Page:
Sit in a comfortable position and start with the rising and falling exercise. Before you begin the rising and falling exercise, focus on your sitting posture for a moment, then proceed to start the rising and falling position. All three steps should have an equal duration of time. Repeat the three steps and make a mental note of rising, falling, and sitting in a sequence.
7. Rising-falling, sitting and touching
In this meditation, you add the touching as the fourth object to concentrate apart from the three objects mentioned in the rising-falling and sitting exercise.
Sitting in a comfortable position, concentrate on sitting, start the rising and falling and concentrate on the movement, then focus on your sitting posture and then focus your attention on the touching point of your left or right buttock. Finally, repeat the sequence with equal duration for each of the four steps, and ensure you make a mental note of the steps.
8. Lying down meditation
In this exercise, you need to lie on the floor on either your right or left side with your head supported on a pillow. The arm near the floor should be placed under your head or near your chest and the other arm placed on your body. Concentrate on the entire body within this lying posture and make a mental note as “lying down.”
When you practice Vipassana the entire day, you also should practice lying down meditation along with sitting, walking, and standing exercises. You should practice the sitting and walking meditations between 30-60 minutes in duration while standing and lying down meditations are to be done in 5-15 minutes.
9. Standing meditation
In the standing meditation, the object of focus is the standing posture itself. You can do this standing meditation before starting the walking meditation. You should stand straight with arms held in front or clasped at the back.
Pay attention to the aesthetic feel of the posture and focus on the entire body. You need to take a mental snapshot of the posture and make a mental note as “standing.”
Benefits of Vipassana meditation
Vipassana meditation, like mindfulness meditation, has plenty of benefits. It’s no longer as common for the lay person to ask “does meditation work?” The scientific benefits of meditation are well understood by now, but here’s some high-level benefits of a regular vipassana meditation practice.
Reduce stress and anxiety relief
The human mind wanders often to worrying about the future or ruminating on the past. Vipassana meditation helps you develop insight into how your mind wanders, allowing you to become more aware of the patterns in your thinking. This allows for a more gradual cultivation of positive thoughts and emotions.
Improve overall wellness
While this isn’t exclusive to vipassana meditation, since other types of meditation such as Transcendental meditation or mindfulness meditation can help you improve your overall wellness. When you incorporate meditation into your daily life, you’ll notice an increase in your baseline mood and happiness. It’s not magic, it’s simply a result of observing your thoughts regularly in meditation, and being able to not identify with your thoughts as soon as they appear.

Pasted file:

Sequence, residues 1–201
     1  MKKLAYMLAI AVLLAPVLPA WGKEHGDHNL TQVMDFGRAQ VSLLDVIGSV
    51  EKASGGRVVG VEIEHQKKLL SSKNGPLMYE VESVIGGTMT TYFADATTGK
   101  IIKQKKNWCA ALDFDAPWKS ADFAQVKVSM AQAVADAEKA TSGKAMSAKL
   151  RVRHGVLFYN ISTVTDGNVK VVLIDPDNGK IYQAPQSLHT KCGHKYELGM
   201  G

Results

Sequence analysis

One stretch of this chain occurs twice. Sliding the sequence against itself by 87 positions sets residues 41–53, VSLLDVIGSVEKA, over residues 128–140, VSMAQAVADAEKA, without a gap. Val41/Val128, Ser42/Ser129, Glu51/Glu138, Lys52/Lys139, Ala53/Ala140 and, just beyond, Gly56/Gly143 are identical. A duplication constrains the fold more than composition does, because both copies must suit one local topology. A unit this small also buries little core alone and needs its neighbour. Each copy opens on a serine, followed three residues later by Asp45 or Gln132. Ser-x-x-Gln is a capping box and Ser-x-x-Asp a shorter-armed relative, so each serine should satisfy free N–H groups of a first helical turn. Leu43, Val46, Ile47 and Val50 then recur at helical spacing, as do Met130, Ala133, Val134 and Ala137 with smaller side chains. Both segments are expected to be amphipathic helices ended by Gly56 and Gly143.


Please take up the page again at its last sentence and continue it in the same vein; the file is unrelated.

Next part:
Supplemental treatment of mental health conditions
Meditation is not a substitute to medication or professional treatment of mental health conditions. It can however be used to supplement treatment as a regular practice leads to improving overall wellbeing and mood. Insight meditation is something to consider with a medical professional.
Practice Vipassana meditation
Practicing Vipassana for a long time may enable you to experience a strong feeling of bliss or peace. In this state of bliss, you shouldn’t get excited nor avoid it but rather allow the feeling to pass on and go away.
It’s the nature of all good things to pass away, and trying to hold them to last longer will not only disturb you, as well as prevent you from reaching high levels of insight. This insight is the path leading to overall improved wellbeing.
The pleasant feeling of bliss during Vipassana meditation does not mean that you have been practicing it correctly. These feelings are not the guides of insight meditation. Your success in Vipassana comes from your ability to be aware of the reality, the equanimity, the current happenings, which are all the yardstick to measure your practice.
The point here is not to make you practice every meditation mentioned here but to make you honest with yourself and be your guide of your decisions based on intelligence rather than your desires and mood. That is the power of Vipassana.